My first call with Tommy was great. He is a unique, talented, and creative Artist. Tommy was very professional on our phone interview. He never once said he expected things to be handed to him on a silver platter. Or that he wanted a manager to work for free. He also never mentioned the ever so naïve statement that he wanted to get “shopped” to a label. Listening to his music is an experience, to say the least. Tommy is a showman! He entertains both musically and visually. His music is very theatrical, but at the same time with an aggressive edge! I definitely recommend checking out his Fame Wizard® link, or his website.
During the Talent Scout Interview, Tommy asked all the right questions. He genuinely seemed to want to learn what he needs to do to make his career as an Artist a successful and profitable one. After the call he asked to take a couple days to consult with his band about it, and decide what membership would work the best for them. A few days later I received an email from him and another member of his band, also named Thomas coincidently. They both were super excited about coming on board just needed to decide when and what membership. Thomas and I exchanged a couple of emails and he had a list of great, straight forward questions. None of questions were along the lines of who are the “stars” we have. He mentioned to me that he was new to the business, and knew very little about it. But Thomas did say something that stood out to me. When pre-framing the questions he was about to ask, Thomas mentioned how many Artists might shy away from asking certain key or “tough” questions. He said, “these questions were left for the managers and agents, but since the industry has changed and now we, the Artists, have to be everyone wrapped up in one, it is up to us to ask these questions…” I was really impressed by that statement. I told him that although he felt he was very green to the biz, just knowing that and understanding the new ways of the music business, puts him in front of the pack of so many other Artists. Understanding the business of the music industry, and applying it to your career is one of the basic factors that set apart the Artists who succeed, with the long list of Artists who don’t.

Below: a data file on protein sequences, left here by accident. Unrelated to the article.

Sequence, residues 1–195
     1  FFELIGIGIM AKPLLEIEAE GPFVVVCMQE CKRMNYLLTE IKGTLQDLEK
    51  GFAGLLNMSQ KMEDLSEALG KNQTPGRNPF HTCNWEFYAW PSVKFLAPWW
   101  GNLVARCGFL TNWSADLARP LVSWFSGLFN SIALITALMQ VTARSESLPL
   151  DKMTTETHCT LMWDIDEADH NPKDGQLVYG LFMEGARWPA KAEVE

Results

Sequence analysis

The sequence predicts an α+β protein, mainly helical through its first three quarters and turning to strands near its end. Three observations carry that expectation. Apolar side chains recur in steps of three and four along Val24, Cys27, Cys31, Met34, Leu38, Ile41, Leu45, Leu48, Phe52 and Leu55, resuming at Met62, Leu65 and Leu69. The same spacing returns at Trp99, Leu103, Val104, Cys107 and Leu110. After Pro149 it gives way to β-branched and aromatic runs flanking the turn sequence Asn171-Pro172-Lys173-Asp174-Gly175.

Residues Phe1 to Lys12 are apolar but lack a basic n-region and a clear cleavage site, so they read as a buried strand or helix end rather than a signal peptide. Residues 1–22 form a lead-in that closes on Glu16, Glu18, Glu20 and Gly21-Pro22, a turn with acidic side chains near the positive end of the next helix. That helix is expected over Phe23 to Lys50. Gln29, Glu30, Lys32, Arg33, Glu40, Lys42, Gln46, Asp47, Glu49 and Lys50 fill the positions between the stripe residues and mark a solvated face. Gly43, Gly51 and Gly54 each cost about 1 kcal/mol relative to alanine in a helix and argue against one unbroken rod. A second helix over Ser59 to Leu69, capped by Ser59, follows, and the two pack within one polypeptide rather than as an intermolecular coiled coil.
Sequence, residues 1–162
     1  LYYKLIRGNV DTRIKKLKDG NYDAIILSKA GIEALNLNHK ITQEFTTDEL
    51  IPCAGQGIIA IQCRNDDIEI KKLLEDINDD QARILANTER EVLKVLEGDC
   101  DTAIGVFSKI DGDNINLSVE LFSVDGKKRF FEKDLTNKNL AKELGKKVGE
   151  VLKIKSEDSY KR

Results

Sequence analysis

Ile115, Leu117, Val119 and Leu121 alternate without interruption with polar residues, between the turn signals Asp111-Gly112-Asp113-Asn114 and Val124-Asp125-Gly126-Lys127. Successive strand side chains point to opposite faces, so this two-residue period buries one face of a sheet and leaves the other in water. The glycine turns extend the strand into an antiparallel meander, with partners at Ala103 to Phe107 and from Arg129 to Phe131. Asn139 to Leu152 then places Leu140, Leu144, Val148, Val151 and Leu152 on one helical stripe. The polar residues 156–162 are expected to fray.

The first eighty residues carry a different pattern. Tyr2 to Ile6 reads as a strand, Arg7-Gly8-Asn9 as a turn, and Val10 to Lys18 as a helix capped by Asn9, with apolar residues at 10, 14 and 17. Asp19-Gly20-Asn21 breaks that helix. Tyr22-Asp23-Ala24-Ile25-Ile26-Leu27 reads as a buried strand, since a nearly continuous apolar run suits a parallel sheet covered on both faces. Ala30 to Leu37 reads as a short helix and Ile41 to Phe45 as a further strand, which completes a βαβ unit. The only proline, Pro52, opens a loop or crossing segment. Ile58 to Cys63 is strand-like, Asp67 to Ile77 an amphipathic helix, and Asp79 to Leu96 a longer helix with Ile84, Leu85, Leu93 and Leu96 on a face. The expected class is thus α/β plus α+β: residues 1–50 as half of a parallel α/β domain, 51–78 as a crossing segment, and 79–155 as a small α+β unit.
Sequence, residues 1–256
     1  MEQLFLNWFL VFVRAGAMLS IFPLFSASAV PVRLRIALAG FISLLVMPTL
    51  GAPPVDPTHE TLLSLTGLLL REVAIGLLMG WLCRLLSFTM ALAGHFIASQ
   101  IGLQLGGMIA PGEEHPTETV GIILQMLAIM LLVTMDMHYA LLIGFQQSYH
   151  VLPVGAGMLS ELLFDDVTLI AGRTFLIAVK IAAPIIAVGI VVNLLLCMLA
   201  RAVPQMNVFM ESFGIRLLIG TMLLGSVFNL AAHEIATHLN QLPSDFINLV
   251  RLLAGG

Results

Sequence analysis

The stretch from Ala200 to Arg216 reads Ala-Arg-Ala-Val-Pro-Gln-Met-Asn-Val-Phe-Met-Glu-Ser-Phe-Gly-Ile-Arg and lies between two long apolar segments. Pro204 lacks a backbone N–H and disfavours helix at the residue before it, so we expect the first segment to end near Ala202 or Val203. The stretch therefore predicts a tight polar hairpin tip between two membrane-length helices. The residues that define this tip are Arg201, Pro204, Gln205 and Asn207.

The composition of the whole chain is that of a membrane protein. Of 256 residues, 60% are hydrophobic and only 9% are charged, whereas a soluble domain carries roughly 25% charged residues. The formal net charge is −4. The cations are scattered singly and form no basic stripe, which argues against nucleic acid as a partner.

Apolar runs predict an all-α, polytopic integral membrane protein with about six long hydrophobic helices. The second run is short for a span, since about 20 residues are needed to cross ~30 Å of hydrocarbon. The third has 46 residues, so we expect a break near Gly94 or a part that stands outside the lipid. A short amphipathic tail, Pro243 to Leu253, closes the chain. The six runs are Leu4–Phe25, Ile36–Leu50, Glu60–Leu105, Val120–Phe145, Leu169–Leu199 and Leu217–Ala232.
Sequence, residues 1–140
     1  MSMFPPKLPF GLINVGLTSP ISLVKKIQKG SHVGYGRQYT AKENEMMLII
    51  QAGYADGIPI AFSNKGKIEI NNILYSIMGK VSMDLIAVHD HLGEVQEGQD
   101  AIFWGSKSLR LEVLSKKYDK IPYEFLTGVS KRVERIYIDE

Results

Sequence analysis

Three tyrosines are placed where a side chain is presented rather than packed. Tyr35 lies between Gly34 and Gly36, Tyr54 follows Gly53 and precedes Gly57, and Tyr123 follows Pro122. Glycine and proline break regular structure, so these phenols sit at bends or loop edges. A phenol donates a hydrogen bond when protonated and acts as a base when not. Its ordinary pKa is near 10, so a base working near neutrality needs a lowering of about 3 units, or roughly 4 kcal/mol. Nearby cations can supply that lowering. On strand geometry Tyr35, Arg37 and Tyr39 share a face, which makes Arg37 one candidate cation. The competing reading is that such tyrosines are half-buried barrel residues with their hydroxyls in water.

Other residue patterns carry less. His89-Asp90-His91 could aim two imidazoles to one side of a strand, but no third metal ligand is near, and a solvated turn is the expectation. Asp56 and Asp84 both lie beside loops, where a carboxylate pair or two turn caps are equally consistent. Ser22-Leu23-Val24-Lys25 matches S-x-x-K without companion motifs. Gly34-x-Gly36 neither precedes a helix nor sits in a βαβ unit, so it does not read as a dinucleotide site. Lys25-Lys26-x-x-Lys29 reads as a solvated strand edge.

I am excited every time I sign up a new Artist to Fame Wizard®. It is a chance to watch the evolution of creativity and confidence develop in some great and unique minds. Some that might have the potential to be the next Bob Dylan, Jimi Hendrix, Whitney Houston, or 2Pac. I get to be an integral part of someone following and achieving a lifelong dream. I get to hear some phenomenal music that not many people have had the chance to hear yet. Recording Artists need to be nurtured and developed. Not exploited. Artists need to realize that in order to succeed in this industry you have to bet on yourself. Put your destiny in your own hands. It is too competitive to sit back and wait to be discovered. This is your career! Your music! No one will ever want you to be a success as much you want it for yourself. As much as the music business is currently in a state of flux, it can actually be a more fruitful time. You can record your own music the way you see fit. Have complete ownership of it. You can release it on your own. Market it yourself. Develop your own shows and tours. Hire the people you want and that you see fit to work for you. Think about it, you literally can do whatever you want. You just need to be willing to learn how.